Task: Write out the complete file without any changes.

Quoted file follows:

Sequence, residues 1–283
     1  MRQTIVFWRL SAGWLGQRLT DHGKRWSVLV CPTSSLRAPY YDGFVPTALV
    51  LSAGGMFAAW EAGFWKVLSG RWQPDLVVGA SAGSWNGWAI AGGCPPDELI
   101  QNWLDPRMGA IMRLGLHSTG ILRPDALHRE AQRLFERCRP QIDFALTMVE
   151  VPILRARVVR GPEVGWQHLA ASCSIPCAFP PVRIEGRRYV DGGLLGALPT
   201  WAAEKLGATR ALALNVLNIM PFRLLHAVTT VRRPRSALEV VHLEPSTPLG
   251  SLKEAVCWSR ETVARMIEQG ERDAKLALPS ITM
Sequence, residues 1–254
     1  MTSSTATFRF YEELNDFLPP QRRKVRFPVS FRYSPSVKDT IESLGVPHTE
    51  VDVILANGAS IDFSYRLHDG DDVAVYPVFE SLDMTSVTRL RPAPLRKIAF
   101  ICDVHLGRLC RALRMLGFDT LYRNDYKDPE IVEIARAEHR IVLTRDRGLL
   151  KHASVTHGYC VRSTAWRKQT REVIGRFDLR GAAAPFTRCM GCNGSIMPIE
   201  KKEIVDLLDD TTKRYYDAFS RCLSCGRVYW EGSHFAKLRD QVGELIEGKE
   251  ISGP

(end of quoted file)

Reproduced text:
Sequence, residues 1–283
     1  MRQTIVFWRL SAGWLGQRLT DHGKRWSVLV CPTSSLRAPY YDGFVPTALV
    51  LSAGGMFAAW EAGFWKVLSG RWQPDLVVGA SAGSWNGWAI AGGCPPDELI
   101  QNWLDPRMGA IMRLGLHSTG ILRPDALHRE AQRLFERCRP QIDFALTMVE
   151  VPILRARVVR GPEVGWQHLA ASCSIPCAFP PVRIEGRRYV DGGLLGALPT
   201  WAAEKLGATR ALALNVLNIM PFRLLHAVTT VRRPRSALEV VHLEPSTPLG
   251  SLKEAVCWSR ETVARMIEQG ERDAKLALPS ITM
Sequence, residues 1–254
     1  MTSSTATFRF YEELNDFLPP QRRKVRFPVS FRYSPSVKDT IESLGVPHTE
    51  VDVILANGAS IDFSYRLHDG DDVAVYPVFE SLDMTSVTRL RPAPLRKIAF
   101  ICDVHLGRLC RALRMLGFDT LYRNDYKDPE IVEIARAEHR IVLTRDRGLL
   151  KHASVTHGYC VRSTAWRKQT REVIGRFDLR GAAAPFTRCM GCNGSIMPIE
   201  KKEIVDLLDD TTKRYYDAFS RCLSCGRVYW EGSHFAKLRD QVGELIEGKE
   251  ISGP